Beginner End-to-End Tutorial: Building Minitwitter

This tutorial will show building a simple app, Minitwitter, end-to-end.

As you learn Plasmic, please let us know all your questions and feedback! Reach us on our Slack community or at

About Minitwitter

Minitwitter is a very basic web app—its main page is just a wall of posts. There’s also a second page where anyone can enter a new post. There’s no login/auth or anything else. So it’s a great way to get started learning about all the core Plasmic concepts and workflow quickly, without getting bogged down in complexity that’s specific to any particular app or domain. It’s simpler even than the TodoMVC tutorial!

You can play with a finished version of the codebase here:

About this tutorial

This tutorial consists of two parts—design and code. If you want to just focus on the code, you can skip the design portion, and instead clone this completed Plasmic project (however, we still recommend the video tutorial as a primer to the main concepts in Plasmic, such as slots and variants).

In the design section, you will learn the following concepts in Plasmic Studio:

  • Free-form drawing and wireframing
  • Artboards
  • Components
  • Layout
  • Slots
  • Variants, including interaction variants
  • Live preview mode

In the code section, you will:

  • Import Plasmic components into a React codebase.
  • Wire props up to the components, integrating with real React state.
  • Control what interfaces the components export.
  • Add multiple pages and routing.
  • Load and store data into real data stores.

This tutorial covers the codegen mode of integrating Plasmic into a codebase, not PlasmicLoader. Codegen is recommended for when you’ll need a lot of interactivity or otherwise plan to hook up your components to a lot of code. For websites with mostly content and only light interactivity, we recommend using PlasmicLoader. Learn more about the distinction.

You can find a completed version of the codebase here if you wish to refer to it:

Design Minitwitter

Let’s begin with a video showing how to use Plasmic Studio to design the Minitwitter app, learning all the core concepts in Plasmic as we go:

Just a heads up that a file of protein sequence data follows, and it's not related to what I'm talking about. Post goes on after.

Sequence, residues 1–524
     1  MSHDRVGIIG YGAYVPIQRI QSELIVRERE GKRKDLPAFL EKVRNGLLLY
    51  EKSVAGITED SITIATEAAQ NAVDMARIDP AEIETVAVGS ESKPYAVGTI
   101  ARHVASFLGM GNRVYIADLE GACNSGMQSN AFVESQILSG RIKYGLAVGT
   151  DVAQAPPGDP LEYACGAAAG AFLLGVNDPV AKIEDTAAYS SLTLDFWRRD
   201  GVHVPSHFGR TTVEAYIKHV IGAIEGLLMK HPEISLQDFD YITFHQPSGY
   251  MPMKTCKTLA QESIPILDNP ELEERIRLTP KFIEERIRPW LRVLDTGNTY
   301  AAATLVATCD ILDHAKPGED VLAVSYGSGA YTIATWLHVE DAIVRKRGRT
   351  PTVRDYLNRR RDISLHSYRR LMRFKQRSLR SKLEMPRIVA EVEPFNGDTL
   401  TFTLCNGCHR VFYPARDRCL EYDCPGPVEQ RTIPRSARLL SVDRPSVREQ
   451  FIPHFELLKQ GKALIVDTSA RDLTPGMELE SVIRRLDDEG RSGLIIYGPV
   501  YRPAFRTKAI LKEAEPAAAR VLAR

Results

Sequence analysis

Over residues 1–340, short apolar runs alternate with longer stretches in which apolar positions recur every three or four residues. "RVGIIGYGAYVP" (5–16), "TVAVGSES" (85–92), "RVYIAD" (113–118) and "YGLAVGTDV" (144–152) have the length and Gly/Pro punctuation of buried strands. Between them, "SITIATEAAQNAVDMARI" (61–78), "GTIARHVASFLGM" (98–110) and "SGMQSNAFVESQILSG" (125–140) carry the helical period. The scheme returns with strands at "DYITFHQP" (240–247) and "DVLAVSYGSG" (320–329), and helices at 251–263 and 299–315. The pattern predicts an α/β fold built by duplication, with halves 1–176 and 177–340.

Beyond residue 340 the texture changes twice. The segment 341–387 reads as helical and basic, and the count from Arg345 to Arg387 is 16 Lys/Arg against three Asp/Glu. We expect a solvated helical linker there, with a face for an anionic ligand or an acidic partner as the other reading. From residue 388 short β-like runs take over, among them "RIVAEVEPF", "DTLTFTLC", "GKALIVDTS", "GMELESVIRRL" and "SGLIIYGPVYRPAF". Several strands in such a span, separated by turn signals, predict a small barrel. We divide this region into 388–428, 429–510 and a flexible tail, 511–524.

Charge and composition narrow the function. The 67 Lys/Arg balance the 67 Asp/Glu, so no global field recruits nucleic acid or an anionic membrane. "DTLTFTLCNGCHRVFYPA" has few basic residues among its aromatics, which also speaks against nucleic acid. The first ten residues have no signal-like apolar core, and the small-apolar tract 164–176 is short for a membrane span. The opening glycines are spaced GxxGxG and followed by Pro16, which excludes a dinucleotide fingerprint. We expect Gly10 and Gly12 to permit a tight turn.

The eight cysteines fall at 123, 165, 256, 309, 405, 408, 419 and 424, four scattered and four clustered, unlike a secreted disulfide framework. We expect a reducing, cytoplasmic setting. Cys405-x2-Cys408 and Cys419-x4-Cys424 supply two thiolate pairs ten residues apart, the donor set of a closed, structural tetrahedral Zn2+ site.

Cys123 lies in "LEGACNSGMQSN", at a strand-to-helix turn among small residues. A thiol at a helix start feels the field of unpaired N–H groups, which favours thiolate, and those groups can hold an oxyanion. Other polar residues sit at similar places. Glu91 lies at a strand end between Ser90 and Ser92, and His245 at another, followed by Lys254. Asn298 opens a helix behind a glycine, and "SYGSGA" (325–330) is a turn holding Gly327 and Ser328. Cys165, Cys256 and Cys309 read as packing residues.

Again, if you wish to skip this, you can clone the completed design project for the following code sections of the tutorial:

Import the design into code

Create a new React app using create-react-app. In this tutorial we’ll be showing Typescript, but Plasmic also works with plain JS projects.

npx create-react-app minitwitter --typescript
cd minitwitter/
yarn start

First, install the CLI:

yarn global add @plasmicapp/cli
# or: npm install -g @plasmicapp/cli

Next, sync the Plasmic components into your codebase. The first time you run this, you’ll be prompted to authenticate and accept some default settings. The PROJECT_ID is the ID in your URL (

plasmic sync -p PROJECT_ID

You now have a src/components/ directory, and a src/components/plasmic/ directory inside that.

Just render the static design in our app:

import React from 'react';
import Feed from './components/Feed';

function App() {
  return <Feed />;}

export default App;

Now if you check your running React app, you should see the Feed page!

First glance at Plasmic components

Let’s look inside the Feed component:

// This is a skeleton starter React component generated by Plasmic.
// This file is owned by you, feel free to edit as you see fit.
import * as React from 'react';
import { PlasmicFeed, DefaultFeedProps } from './plasmic/minitwitter/PlasmicFeed';
// Your component props start with props for variants and slots you defined
// in Plasmic, but you can add more here, like event handlers that you can
// attach to named nodes in your component.